Wadeable stream protocols

Schematic of a 1 km NEON stream site broken into ten 100 m reaches: 3 fixed and 7 random sampling reaches.

For wadeable streams, a one km portion of the stream is broken up into ten 80-120 m reaches or sampling sections. The reaches are identified based on habitat features (i.e. natural breaks such as pools or rapids) and are sampled with an electrofisher using a three-pass depletion study approach. Six of these ten reaches are sampled during each sampling bout. Three of these six reaches are “fixed” reaches and are sampled two times per year. Of the remaining "random" reaches, 3 are sampled twice per year with only a single electrofishing pass.

Lake protocols

A generic lake site layout with fish sampling locations.

In lake environments, fish sampling occurs twice a year during the growing season at each lake site, roughly spring and autumn. The lake area is divided up into pie-shaped segments with each “piece” containing a portion of the shoreline as well as deep sections of the lake. Three segments are established as "fixed" sampling stations and are sampled during each bout every year. The remaining sections are considered "random" sampling stations and three of these segments are randomly sampled every year. Random sampling selection rotates so that all habitat types within the lake are covered.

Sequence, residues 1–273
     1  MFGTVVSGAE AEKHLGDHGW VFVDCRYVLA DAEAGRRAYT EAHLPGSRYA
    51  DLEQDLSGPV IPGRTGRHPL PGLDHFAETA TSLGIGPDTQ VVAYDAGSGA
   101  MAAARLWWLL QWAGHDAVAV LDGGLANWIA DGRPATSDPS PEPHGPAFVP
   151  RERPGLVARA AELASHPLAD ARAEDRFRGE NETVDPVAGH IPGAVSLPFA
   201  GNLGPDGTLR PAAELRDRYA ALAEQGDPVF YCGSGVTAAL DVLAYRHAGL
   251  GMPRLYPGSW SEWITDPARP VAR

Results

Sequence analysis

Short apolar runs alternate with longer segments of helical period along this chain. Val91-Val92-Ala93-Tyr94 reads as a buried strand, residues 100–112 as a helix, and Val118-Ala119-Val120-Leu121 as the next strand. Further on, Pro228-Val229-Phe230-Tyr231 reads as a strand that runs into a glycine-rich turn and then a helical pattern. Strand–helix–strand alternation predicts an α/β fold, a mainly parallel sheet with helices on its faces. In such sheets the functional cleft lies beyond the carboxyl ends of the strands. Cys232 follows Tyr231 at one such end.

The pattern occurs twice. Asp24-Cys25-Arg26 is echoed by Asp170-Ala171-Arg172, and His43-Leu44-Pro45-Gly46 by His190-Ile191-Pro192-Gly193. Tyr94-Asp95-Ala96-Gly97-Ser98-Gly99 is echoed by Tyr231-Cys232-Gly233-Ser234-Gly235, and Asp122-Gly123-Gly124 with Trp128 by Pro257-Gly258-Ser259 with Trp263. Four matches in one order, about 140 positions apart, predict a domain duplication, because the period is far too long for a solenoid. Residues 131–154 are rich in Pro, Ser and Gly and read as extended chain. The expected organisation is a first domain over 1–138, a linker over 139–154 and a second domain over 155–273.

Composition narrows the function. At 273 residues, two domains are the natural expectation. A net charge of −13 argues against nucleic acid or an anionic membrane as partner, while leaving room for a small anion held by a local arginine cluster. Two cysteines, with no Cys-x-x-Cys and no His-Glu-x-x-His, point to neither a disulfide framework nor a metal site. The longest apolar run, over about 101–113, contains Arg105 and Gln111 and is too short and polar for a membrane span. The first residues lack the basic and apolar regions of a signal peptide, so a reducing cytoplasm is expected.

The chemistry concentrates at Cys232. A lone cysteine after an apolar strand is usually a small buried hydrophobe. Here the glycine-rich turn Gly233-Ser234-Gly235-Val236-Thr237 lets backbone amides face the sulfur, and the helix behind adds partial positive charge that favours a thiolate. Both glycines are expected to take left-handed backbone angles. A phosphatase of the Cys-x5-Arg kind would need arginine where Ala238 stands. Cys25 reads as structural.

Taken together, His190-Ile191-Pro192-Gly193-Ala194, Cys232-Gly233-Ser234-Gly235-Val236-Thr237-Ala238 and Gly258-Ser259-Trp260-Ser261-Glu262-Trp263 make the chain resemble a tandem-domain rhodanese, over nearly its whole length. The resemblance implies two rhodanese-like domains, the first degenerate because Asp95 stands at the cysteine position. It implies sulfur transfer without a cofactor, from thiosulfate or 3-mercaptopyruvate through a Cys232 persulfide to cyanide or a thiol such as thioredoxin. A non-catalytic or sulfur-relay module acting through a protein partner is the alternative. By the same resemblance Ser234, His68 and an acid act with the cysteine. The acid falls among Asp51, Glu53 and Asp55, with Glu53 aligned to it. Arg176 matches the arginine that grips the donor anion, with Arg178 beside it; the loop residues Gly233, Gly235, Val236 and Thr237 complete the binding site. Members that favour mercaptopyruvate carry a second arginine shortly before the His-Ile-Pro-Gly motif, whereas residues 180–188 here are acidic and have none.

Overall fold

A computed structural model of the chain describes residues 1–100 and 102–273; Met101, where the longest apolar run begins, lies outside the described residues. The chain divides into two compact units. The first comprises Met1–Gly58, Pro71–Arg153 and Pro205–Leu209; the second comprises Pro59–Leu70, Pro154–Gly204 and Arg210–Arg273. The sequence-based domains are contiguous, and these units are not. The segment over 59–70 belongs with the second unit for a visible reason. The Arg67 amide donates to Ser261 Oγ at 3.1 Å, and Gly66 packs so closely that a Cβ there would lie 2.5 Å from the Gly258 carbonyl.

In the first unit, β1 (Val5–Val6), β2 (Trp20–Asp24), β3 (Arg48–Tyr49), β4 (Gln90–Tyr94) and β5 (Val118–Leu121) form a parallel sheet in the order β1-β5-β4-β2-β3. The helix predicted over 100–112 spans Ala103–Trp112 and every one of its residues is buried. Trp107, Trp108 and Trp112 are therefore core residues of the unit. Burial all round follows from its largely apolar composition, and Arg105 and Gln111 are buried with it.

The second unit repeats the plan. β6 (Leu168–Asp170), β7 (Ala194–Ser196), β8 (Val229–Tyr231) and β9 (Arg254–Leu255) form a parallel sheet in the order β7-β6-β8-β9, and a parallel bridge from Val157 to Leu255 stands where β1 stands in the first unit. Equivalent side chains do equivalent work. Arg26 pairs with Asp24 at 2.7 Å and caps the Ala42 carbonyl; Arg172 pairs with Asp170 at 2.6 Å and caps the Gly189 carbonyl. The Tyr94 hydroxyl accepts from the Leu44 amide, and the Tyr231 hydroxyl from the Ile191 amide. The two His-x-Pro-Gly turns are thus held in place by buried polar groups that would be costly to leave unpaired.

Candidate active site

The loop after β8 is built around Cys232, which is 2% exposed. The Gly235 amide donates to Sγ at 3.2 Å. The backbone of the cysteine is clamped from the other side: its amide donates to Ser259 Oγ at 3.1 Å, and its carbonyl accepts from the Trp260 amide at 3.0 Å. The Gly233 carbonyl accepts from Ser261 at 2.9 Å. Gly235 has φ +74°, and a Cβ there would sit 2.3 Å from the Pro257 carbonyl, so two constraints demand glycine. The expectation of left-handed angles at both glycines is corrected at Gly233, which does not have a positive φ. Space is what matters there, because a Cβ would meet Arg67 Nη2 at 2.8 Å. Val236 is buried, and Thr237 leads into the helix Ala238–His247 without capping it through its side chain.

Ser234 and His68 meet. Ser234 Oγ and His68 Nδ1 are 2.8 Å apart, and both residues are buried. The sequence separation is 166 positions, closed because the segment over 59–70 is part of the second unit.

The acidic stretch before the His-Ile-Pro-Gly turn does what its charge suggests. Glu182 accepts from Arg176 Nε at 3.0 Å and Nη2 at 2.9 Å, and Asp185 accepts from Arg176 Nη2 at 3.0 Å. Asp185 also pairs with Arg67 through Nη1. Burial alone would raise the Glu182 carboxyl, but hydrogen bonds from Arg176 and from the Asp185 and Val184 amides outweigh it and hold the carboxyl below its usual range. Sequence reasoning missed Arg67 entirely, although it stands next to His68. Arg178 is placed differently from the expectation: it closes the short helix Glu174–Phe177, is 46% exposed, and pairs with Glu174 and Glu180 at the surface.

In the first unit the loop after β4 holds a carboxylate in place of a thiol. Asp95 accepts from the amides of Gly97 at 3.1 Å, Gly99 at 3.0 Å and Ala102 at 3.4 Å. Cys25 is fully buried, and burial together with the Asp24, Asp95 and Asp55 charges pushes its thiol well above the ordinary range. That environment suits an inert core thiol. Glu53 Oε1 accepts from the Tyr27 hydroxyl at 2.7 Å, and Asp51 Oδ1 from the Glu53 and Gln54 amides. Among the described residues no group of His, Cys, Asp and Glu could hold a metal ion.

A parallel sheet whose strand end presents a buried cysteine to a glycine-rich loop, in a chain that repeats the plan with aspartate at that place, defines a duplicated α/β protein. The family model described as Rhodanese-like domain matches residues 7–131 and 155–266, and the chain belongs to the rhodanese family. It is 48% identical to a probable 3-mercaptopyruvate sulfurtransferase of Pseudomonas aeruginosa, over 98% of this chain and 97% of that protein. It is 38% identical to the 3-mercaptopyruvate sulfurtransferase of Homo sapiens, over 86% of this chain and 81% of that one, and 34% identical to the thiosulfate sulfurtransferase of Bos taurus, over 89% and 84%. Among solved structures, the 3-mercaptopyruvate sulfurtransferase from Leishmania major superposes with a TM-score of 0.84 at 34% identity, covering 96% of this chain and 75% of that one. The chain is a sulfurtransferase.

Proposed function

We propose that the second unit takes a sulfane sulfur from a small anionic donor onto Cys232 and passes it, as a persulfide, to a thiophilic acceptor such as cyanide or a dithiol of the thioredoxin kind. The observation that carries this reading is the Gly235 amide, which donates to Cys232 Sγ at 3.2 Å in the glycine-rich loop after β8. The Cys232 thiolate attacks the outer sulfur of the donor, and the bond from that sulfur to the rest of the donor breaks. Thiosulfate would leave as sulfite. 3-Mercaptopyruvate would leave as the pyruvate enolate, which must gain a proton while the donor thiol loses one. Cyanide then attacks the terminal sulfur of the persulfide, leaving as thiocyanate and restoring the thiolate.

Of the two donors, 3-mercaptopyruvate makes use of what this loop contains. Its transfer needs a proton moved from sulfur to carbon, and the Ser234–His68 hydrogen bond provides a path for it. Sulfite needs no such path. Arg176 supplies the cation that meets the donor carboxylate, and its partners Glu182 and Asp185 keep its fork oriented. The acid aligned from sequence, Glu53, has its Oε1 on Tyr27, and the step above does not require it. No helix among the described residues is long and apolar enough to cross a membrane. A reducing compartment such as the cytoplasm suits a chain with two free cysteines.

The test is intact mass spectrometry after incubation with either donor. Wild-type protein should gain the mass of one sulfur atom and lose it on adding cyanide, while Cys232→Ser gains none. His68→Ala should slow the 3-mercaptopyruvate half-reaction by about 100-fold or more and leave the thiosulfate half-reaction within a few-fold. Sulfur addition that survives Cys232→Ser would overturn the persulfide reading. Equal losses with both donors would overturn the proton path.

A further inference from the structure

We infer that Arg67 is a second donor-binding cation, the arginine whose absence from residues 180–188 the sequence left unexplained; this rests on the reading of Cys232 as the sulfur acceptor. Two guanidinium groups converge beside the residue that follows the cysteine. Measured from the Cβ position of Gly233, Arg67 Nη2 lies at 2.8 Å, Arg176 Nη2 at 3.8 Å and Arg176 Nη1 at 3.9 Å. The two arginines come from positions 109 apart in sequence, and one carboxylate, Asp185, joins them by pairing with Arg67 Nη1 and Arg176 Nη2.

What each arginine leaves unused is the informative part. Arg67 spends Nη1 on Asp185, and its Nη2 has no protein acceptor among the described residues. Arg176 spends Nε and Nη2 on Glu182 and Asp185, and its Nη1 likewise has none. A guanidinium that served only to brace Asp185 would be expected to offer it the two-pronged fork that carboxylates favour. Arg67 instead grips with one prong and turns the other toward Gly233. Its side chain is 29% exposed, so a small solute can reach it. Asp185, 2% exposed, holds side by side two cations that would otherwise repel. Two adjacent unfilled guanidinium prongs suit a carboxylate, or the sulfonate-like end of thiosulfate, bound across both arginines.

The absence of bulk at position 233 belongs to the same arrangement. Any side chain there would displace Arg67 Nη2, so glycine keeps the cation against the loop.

Water, electricity and fish

Working with electricity in water comes with safety and training challenges. To ensure the safety of NEON staff as well as to limit negative impacts on target fish species and non-target organisms (e.g. amphibians, reptiles), technicians are specifically trained in fish sampling and safe working practices for water-based fieldwork. All lead aquatic technicians within a domain attend an electrofishing safety training provided by a backpack electrofisher manufacturer in Vancouver, WA. This training is required prior to operating a backpack electrofisher. All technicians also complete the Collaborative Institute Training Initiative’s (CITI) Institutional Animal Care and Use Committee (IACUC) fish and amphibian training. Technicians must pass the final tests for each training (fish and amphibian) with an 80% or better. The CITI IACUC trainings are good for up to three years. Finally, all technicians complete the US Fish and Wildlife Service (USFWS) online Electrofishing Safety training course once per season before the first sampling bout.